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Restricting SaaS to Authorized Users

Once your company has decided to embrace SaaS, it's critical to lock down credentials and keep malicious actors from gaining access. We'll talk about monitoring user activity for insider threats, multifactor authentication, behavior analysis to catch anomalous activity, and other important considerations for safe SaaS deployments.

So you've decided to use a cloud-based SaaS (Software-as-a-Service) provider such as Salesforce, Microsoft Office 365 or Box. How do you make sure that only authorized users can access your organization's data in the cloud? How do you make sure that malicious software doesn't hijack a connection to your cloud environment?

There are many security solutions that integrate with popular SaaS providers, making it as easy as possible for your organization to implement secure access. Ideally, each SaaS application integrates with your existing user database, the most widely used being Microsoft Active Directory, to allow for what is called single sign-on (SSO). With SSO, users can have one set of login credentials that can be used for both the company network and external networks, including SaaS applications.

The simplest and most popular approach to SSO is to use an identity management provider, such as Okta. These tools ensure strong authentication by requiring multiple identification factors, such as a password and a code sent to the user's mobile phone. When a user logs into an identity management app, they get a console that lists their applications, including cloud services like Google Apps and Workday as well as on-premises applications. They establish a session with the provider and then can connect to the applications without further authentication, as long as their session with the identity management provider is open. These providers also have mobile clients that can connect the user directly to the native app on their mobile devices. The applications connected to the service are said to be "federated" with the service, and so the service can authenticate the user to them.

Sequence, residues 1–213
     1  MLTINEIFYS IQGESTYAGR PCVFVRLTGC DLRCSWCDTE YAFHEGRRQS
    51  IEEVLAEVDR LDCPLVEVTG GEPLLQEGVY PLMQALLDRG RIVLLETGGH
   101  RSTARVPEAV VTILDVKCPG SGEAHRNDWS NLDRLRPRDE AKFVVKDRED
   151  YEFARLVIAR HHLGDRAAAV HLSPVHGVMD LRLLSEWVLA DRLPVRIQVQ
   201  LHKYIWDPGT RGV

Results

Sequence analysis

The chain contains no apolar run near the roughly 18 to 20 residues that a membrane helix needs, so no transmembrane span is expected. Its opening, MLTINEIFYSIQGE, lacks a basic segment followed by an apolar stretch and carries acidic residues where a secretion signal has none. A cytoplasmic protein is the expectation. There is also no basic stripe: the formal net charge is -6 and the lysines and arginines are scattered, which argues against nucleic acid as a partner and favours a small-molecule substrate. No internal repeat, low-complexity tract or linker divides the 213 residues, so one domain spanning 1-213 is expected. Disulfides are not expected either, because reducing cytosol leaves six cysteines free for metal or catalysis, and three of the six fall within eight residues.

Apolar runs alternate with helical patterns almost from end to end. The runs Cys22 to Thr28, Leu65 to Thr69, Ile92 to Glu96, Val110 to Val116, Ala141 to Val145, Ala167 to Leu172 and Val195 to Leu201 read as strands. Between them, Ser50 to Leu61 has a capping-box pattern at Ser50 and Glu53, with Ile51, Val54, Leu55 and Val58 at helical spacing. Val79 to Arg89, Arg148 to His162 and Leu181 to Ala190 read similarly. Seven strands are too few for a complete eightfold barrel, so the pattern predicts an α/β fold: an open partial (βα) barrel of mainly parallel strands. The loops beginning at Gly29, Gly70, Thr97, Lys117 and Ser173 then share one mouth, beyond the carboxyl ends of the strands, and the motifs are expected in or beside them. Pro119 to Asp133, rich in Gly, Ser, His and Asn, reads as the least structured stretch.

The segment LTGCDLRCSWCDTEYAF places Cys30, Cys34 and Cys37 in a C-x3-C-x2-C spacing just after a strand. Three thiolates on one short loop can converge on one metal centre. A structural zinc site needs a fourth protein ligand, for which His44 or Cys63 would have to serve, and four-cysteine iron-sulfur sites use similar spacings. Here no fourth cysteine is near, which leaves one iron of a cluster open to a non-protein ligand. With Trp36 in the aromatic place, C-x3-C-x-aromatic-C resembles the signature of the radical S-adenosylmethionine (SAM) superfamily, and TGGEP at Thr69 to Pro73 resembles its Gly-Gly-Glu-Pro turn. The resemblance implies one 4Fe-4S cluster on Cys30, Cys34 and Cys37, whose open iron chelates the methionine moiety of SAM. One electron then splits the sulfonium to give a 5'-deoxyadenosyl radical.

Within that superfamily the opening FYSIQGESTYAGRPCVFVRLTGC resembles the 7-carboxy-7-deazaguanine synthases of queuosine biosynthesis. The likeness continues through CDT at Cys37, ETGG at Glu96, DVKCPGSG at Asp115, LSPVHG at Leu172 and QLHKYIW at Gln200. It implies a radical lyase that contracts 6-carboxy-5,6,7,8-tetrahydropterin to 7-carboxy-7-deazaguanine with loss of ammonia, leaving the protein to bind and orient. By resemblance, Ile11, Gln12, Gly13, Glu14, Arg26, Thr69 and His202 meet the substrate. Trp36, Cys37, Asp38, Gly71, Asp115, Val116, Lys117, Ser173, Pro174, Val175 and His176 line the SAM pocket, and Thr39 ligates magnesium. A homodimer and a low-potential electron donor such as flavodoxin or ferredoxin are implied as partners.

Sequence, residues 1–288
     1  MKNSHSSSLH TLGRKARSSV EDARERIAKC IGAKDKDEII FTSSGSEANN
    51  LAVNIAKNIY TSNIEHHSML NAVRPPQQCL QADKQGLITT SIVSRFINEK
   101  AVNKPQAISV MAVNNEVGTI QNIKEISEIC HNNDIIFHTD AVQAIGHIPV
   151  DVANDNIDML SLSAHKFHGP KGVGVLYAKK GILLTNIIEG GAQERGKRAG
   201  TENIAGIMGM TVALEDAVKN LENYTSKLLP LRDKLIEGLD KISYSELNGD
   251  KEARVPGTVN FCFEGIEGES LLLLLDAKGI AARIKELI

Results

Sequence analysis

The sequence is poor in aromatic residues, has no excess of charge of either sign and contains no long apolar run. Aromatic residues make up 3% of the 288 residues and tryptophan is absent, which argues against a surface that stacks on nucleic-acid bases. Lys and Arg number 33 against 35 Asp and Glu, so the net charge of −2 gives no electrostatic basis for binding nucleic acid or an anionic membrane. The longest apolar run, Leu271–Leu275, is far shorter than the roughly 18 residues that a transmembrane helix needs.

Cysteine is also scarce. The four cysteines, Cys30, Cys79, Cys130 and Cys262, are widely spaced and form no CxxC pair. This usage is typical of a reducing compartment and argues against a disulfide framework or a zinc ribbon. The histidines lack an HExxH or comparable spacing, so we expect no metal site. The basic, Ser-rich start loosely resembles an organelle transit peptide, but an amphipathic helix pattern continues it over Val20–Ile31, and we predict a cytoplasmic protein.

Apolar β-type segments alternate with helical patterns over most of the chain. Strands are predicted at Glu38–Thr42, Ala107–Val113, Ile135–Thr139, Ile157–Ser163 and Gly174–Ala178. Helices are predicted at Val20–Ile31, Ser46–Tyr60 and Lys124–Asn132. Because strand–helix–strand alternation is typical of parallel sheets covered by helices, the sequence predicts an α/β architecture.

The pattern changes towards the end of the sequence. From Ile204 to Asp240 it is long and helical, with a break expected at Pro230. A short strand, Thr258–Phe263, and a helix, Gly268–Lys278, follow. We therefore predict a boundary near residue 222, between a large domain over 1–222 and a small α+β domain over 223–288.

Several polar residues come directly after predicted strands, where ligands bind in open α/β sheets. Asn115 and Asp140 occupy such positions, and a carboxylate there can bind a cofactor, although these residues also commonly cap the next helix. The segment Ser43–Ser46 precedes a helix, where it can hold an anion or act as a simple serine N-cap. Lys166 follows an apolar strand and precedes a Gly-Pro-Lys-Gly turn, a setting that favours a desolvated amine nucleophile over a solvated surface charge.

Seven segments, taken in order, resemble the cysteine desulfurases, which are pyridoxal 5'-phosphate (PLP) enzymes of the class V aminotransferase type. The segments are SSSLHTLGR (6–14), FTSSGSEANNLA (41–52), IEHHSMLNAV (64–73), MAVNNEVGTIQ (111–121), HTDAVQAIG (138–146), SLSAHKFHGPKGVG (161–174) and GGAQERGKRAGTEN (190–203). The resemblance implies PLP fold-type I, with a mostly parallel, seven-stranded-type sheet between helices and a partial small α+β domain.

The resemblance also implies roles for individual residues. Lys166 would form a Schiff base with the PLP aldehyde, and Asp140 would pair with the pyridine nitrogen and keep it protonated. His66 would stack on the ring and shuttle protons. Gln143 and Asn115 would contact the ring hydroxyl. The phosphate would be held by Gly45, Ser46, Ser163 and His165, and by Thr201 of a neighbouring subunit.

Once you have such a unified management system for identity, you can begin to secure data and applications in a logical and systematic way based on your users and their roles in your organization. Identity management providers offer IT administrators consoles through which to perform management tasks. Users get self-service capabilities for tasks such as password resets.

Centralized identity management also makes it easier to integrate multi-factor authentication with all of the federated apps, and even to require additional identification when a user attempts to connect from an unknown IP address, for example.

Strong identity management also gives you a basis for defining and applying policy with tools that can perform data inspections. The most prominent example is that of DLP (Data Loss Prevention), which is the protection of particular varieties of sensitive data against misuse or theft.

This is where a CASB, like Palo Alto Networks' Aperture, would come into play. Aperture has access to user identity, can examine the actual data within the SaaS application (looking for specific patterns like credit card numbers, internal project code names or bank account numbers, for example), then check policy to see whether that user has permission to do what they are doing with the data. Aperture can log that event and even look at previous logs and existing data for usage patterns.

Palo Alto Networks' next-generation firewalls integrate tightly with Okta, allowing for multi-factor authentication in cases where an access attempt violates a firewall policy. Using an integrated solution helps reduce management overhead and enables administrators to consolidate user, application, and data management in a centralized console.

Because the management is centralized, so is the logging, which is an important security feature. Log management and analysis are essential in detecting attacks, and yet administrators can be overwhelmed with the sheer variety of logs from enterprise applications. In a world of cloud applications, there is no way to manage users and secure access to data unless you have a central facility for doing so. A security solution that consolidates identity and access management functions not only makes it possible to bring cloud providers into your own management scheme, it also opens up secure access to new capabilities.

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